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Why: In private enterprise, failures must be concerned from a financial view point and not a gear-head approach of simply counting the number of failures; and you must speak the language of the enterprise which describes events by monetary measures over a period of time. The annual cost for failures is usually not stated in a clear cut manner nor is failure costs summarized by system/sub-system to identify the weak links in a monetary fashion so that appropriate action is taken to reduce the annual cost of unreliability by building a clear Pareto distribution to attack the vital (high cost) areas with an action plan to reduce failures (unreliability) and to reduce the cost of unreliability.

When: For new a new plant, this can be a design criteria to limit costs of unreliability for competitive reasons in the marketplace, i.e., by plan, the hidden costs of failures is made obvious as a portion of the strategic plan. For an existing plant, this can be an exercise in defining the cost of unreliability and building a long term plan to reduce the cost of failures as a portion of the tactical plan.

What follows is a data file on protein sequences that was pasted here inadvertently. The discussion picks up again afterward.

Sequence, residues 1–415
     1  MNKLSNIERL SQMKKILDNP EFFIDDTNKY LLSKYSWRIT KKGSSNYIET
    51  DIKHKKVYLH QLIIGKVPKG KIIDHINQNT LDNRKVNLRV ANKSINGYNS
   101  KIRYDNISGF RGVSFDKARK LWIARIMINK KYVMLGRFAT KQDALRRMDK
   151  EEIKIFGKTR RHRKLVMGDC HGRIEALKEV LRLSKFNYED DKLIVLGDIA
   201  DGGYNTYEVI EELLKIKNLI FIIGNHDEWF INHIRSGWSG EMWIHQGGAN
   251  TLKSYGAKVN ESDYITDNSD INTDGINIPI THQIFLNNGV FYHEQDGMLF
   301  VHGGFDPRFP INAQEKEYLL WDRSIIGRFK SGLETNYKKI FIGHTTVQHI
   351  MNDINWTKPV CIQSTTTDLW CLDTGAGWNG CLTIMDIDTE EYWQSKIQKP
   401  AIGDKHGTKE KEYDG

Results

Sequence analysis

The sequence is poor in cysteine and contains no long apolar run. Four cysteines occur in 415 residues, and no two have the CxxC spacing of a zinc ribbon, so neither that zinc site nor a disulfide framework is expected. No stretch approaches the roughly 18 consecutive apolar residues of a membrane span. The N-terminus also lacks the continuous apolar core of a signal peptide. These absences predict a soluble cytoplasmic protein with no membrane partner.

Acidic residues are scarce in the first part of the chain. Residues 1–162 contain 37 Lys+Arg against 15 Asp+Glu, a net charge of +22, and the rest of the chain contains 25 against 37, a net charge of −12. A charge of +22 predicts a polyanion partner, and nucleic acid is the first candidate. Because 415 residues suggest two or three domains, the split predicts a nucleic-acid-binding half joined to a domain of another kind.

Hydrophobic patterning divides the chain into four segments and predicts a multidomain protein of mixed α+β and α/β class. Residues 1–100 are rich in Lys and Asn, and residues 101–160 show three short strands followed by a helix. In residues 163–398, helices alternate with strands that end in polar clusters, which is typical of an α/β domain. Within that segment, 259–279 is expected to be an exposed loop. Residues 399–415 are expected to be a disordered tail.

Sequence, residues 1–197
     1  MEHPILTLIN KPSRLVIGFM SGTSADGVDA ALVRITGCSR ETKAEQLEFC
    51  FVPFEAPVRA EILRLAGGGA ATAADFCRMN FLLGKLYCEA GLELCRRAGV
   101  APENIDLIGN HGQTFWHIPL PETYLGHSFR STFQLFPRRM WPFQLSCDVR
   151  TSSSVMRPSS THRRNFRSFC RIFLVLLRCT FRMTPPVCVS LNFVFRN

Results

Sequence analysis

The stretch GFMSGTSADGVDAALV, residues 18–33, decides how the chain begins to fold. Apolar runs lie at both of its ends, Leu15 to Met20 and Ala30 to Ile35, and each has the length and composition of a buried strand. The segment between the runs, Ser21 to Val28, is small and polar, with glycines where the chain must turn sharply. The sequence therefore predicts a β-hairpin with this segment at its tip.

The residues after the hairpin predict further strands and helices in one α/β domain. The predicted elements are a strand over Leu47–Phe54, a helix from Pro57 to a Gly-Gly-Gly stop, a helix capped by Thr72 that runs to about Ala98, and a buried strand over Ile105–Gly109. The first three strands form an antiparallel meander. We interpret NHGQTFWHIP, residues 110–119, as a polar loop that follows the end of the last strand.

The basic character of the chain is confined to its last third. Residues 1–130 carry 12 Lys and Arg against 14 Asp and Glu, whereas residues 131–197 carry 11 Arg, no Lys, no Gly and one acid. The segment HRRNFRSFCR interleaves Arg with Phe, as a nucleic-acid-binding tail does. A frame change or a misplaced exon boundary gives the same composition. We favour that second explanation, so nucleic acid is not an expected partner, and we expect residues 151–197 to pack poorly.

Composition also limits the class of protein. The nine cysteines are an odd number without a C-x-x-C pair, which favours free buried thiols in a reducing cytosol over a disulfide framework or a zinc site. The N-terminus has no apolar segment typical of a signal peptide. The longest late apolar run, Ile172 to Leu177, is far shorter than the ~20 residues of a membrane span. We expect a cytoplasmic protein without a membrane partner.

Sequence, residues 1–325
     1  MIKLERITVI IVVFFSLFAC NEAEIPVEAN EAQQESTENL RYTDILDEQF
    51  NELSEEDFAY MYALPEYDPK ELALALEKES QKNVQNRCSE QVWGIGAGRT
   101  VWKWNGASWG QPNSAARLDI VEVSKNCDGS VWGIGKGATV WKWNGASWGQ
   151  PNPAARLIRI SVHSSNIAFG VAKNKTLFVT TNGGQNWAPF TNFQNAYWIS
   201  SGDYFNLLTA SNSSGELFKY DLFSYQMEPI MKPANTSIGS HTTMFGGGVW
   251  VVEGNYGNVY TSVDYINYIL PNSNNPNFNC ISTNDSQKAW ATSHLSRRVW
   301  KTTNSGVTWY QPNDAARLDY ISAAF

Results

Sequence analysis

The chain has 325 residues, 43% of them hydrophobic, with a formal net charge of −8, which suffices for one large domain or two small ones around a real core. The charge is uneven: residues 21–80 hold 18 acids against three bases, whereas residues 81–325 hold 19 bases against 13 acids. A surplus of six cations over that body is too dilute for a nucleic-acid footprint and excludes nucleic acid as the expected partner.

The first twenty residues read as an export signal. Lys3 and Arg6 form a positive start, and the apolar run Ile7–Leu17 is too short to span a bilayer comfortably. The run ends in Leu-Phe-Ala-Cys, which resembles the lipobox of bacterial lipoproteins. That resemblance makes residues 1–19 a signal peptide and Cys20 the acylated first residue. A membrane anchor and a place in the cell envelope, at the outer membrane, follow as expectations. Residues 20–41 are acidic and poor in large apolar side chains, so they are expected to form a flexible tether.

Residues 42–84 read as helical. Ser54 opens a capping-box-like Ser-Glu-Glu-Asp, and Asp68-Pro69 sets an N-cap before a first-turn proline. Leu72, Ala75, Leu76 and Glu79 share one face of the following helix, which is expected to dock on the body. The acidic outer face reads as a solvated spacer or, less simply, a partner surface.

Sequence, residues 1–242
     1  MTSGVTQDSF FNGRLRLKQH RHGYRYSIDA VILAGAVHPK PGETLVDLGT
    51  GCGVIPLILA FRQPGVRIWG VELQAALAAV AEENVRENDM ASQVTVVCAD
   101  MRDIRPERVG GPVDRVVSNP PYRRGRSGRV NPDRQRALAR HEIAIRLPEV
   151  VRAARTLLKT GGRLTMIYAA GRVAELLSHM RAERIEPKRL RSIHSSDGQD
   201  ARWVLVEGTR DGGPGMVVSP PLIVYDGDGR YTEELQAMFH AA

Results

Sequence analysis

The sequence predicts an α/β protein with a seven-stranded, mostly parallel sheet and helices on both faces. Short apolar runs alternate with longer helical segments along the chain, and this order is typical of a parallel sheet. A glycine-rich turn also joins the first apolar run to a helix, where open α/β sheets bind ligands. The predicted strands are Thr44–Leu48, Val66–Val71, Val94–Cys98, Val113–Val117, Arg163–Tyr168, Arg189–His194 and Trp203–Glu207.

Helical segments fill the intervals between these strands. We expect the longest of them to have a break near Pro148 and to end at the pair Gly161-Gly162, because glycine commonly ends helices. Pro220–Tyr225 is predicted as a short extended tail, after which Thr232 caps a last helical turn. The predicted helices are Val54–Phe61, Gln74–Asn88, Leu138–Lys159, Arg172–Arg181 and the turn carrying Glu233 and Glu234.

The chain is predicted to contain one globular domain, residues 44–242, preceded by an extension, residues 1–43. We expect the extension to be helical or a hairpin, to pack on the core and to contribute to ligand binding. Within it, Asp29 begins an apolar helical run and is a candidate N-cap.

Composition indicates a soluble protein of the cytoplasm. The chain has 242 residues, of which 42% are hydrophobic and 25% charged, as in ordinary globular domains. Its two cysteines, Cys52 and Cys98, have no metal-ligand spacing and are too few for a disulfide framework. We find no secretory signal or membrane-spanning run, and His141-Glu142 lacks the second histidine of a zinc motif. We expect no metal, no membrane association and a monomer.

Where: This activity is best performed with high level involvement of the management team to provide fundamental understanding of the size of the icebergs about to rip out the underbelly of the plant and to involve the organization in a plan to reduce the costs so that profits are pushed upward because of the improvements. If the cost of unreliability cannot be reduced, then the costs become extra weight for the saddle bags in the race for survival.

These definitions are written by H. Paul Barringer and are also posted on his web site at www.barringer1.com

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